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Russian city; capital of the government of Volhynia. It is one of the oldest towns in European Russia, having become part of Lithuania in 1320 and being one of its prominent towns in the middle of the fifteenth century. As late as the middle of the seventeenth century, however, there were probably no Jews there, or else their number was very small, for the destruction of the city during the uprising under Chmielnicki in 1648 is not mentioned in the records of the Volhynian massacres of that year. When Zhitomir became part of Russia in 1778, it had a large Jewish community, and was a center of the Ḥasidic movement. In 1861 it had 13,299 Jews in a total population of 40,564, and owned one large synagogue and twenty-six small ones. In 1891 the Jews numbered 24,062 out of a total population of 69,785, while the number of large synagogues had increased to three and the small batte ha-midrashot to forty-six.

The Russian government regards Zhitomir as the central point of the Jewish population of southwestern Russia, as Wilna is considered the Jewish center of the northwestern part of the country. The printing of Hebrew books was permitted only in these two cities during the monopoly of Hebrew printing from 1845 to 1862, and both of them were also chosen as the seats of the two rabbinical schools which were established by the government in 1848 in pursuance of its plans to force secular education on the Jews of Russia in accordance with the program of the Teutonized Russian Haskalah movement. The rabbinical school of Zhitomir was considered the more Jewish, or rather the less Russianized, of the two (see "Ha-Meliẓ," 1868, No. 40). Its first head master was Jacob Eichenbaum, who was succeeded by Ḥayyim Selig Slonimski in 1862. The latter remained at the head of the school until it was closed (together with the one at Wilna) in 1873 because of its failure to provide rabbis with a secular education who should be acceptable to the Jewish communities. Suchastover, Gottlober, Lerner, and Zweifel were among the best-known teachers of the rabbinical school at Zhitomir, while Goldfaden, Mandelkern, and Paperna were among the students who later became famous in the Jewish world.

The teachers' institutes which were substituted for the rabbinical schools were scarcely more satisfactory, and the one in Zhitomir, which was probably the worst-managed Jewish institution in Russia of which there is any record (see Prelooker, "Under the Czar and Queen Victoria," pp. 8-21, London, 1895), and of which Jonas Gurland was inspector from 1873 to 1880, was closed in 1885. The present educational institutions of the Jewish community include a Talmud Torah, a "government school" for boys, a girls' school, and several admirable private schools for both sexes. The other Jewish communal institutions of Zhitomir are considered to rank above the average in excellence.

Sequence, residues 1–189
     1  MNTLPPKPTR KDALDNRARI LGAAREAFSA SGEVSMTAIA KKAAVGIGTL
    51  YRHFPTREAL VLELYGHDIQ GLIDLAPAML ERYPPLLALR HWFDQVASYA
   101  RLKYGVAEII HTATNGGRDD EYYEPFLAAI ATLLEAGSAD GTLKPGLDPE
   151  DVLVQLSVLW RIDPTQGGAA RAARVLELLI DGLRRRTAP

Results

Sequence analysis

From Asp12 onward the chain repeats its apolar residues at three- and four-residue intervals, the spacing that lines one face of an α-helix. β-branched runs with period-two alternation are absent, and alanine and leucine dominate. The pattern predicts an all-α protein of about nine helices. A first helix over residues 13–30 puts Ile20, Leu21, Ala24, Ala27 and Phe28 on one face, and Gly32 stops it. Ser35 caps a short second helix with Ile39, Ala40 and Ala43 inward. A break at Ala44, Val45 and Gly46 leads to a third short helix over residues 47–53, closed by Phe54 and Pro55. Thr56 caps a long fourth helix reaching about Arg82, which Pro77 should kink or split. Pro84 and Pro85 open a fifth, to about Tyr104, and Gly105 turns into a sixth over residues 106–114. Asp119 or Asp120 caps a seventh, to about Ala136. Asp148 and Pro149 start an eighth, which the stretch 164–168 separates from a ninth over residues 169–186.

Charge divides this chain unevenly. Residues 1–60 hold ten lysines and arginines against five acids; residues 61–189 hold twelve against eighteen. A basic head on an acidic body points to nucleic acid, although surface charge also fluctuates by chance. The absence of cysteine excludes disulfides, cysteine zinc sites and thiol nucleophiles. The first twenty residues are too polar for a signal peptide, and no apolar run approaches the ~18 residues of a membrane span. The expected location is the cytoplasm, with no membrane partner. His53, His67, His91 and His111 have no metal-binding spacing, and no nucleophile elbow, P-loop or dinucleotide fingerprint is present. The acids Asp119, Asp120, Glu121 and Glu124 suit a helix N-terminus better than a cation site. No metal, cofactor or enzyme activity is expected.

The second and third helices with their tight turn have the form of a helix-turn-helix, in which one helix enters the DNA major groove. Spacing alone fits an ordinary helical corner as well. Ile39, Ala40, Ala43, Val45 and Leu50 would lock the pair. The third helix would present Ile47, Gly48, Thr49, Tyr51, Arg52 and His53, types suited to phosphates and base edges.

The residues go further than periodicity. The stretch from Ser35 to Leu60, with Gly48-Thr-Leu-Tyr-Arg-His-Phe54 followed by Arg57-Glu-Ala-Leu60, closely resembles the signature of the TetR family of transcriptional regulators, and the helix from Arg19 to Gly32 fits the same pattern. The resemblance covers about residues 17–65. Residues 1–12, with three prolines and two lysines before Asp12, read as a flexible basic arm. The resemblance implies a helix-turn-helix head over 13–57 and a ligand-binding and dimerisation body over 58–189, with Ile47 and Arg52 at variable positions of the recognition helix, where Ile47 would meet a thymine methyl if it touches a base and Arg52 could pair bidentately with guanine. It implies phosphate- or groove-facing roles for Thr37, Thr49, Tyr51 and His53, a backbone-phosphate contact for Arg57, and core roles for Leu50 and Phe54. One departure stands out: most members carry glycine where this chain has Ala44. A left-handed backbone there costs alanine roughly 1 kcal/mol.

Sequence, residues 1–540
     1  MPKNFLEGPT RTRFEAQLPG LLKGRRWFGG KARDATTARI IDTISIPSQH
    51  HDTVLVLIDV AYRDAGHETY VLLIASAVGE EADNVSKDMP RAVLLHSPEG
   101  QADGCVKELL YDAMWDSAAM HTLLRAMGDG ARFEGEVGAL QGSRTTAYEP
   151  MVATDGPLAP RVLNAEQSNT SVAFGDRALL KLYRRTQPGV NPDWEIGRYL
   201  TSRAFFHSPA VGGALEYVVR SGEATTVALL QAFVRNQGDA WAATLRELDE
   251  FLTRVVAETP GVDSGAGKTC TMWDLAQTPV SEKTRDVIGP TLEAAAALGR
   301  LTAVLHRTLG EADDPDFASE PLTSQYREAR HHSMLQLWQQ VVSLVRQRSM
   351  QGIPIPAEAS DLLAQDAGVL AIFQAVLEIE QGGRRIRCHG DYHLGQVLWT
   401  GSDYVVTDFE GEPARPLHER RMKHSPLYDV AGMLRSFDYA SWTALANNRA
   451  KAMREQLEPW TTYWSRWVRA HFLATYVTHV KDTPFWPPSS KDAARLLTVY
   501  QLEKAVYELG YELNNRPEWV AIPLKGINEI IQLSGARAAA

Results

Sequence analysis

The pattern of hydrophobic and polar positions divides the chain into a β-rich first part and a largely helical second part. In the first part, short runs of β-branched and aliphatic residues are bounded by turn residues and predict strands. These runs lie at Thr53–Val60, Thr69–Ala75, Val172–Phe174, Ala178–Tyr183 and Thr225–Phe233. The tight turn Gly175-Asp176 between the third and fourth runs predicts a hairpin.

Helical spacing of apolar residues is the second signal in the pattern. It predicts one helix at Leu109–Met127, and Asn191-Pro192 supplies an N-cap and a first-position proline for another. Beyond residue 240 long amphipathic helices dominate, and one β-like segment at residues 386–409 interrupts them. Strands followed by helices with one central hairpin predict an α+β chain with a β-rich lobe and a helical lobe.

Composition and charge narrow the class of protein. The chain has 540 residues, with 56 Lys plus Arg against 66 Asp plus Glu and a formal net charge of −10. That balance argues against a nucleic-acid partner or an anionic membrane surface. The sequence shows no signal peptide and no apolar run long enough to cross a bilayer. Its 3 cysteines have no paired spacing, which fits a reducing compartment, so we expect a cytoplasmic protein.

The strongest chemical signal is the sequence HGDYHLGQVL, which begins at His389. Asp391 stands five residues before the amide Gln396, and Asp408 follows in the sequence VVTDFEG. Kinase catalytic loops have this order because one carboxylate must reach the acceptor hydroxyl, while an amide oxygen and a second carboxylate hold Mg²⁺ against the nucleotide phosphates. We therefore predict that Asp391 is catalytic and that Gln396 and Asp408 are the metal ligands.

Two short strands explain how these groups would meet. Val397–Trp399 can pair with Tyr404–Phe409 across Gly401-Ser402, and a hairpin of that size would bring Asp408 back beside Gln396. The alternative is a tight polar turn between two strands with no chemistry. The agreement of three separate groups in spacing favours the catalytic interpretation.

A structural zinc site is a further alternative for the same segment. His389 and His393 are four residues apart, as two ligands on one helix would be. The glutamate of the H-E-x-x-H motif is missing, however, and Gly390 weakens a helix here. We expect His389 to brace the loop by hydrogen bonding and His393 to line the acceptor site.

Wolf (d. 1800), author of the "Or ha-Meïr" (Koretz, 1795), a pupil of Bär of Meseritz and one of the leaders of early Ḥasidism, and Abraham Bär Mavruch, "rosh bet din" or acting rabbi of Zhitomir in the first half of the nineteenth century and author of the "Bat 'Ayin" (Zhitomir, 1850), are two of the few noteworthy rabbinical authorities of Zhitomir; indeed, the town has never been a center of rabbinical learning. Its best-known "crown rabbis" have been Lev Bienstok, Kulisher, and the present (1905) incumbent, S. Skomorovsky, who has held this position for nearly fifteen years. Ḥayyim Naḥman Bialik (b. in Radi, Volhynia, 1873), who is considered the ablest of the younger Neo-Hebrew poets, was educated in Zhitomir.

About twenty Jews were killed and a large number were wounded during the disturbances which occurred in Zhitomir on May 7 and 8, 1905, when the section of the city known as "Podol" was devastated. Among the dead was Nicholas Blinov, a Christian student, who fell while defending the Jews, and thus acted in real life the part of "Boris" in Chirikev's drama "Yevrei," which he had often played as an amateur on the stage. Ten young Jews who started from a neighboring town to assist the Jews of Zhitomir were killed in the village of Troyanov, near the city. After the massacre of Zhitomir a committee was organized to collect money for the families of those who had been killed; it received about 33,000 rubles from Russia, 9,500 from England, 1,500 from Germany, and 6,000 from the United States.

The district of Zhitomir outside the city contains 22,636 Jews in a total population of 281,378.


The earliest Hebrew book printed in Zhitomir bears the date of 1804. After the misfortune which befell Moses Schapiro at Slavuta (comp. Hillel Noah Steinschneider, "'Or Wilna," pp. 21-27, Wilna, 1900) and the suppression, by the Russian government, of all Hebrew printing-offices in Russia, excepting Wilna, about eight years passed before the brothers Hanina Lippa, Aryeh Loeb, and Joshua Heschel, "grandchildren of the rabbi of Slavuta," were permitted to establish a Hebrew printing-office in Zhitomir which was a revival of the Slavuta office, with the same beautiful type for which that establishment had been famous. In the sixties the Schapiros published at Zhitomir the finest edition of the Babylonian Talmud which had appeared in Russia until that time. Abraham Shalom Shadow and Isaac Moses Bakst also conducted printing establishments in Zhitomir in the second half of the nineteenth century.

  • Fuenn, Keneset Yisrael, p. 9;
  • Ha-Shaḥar, vi. 585-586;
  • Razsvyet, 1880, No. 26;
  • Sokolow, Sefer ha-Shanah, pp. 60 et seq.;
  • Zweifel, Shalom 'al-Yisrael, i. 69-73 (quotations from the Or ha-Meïr of Wolf of Zhitomir).
H. R. P. Wi.
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